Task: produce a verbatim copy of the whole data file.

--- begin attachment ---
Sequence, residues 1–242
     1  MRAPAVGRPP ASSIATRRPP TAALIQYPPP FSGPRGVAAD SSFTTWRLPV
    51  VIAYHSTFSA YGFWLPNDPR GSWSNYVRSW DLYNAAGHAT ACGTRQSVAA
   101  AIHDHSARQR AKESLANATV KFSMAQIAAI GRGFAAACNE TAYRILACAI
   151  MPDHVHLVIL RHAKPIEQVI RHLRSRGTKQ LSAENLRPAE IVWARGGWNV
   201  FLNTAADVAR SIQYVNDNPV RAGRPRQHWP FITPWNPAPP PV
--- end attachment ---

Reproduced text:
Sequence, residues 1–242
     1  MRAPAVGRPP ASSIATRRPP TAALIQYPPP FSGPRGVAAD SSFTTWRLPV
    51  VIAYHSTFSA YGFWLPNDPR GSWSNYVRSW DLYNAAGHAT ACGTRQSVAA
   101  AIHDHSARQR AKESLANATV KFSMAQIAAI GRGFAAACNE TAYRILACAI
   151  MPDHVHLVIL RHAKPIEQVI RHLRSRGTKQ LSAENLRPAE IVWARGGWNV
   201  FLNTAADVAR SIQYVNDNPV RAGRPRQHWP FITPWNPAPP PV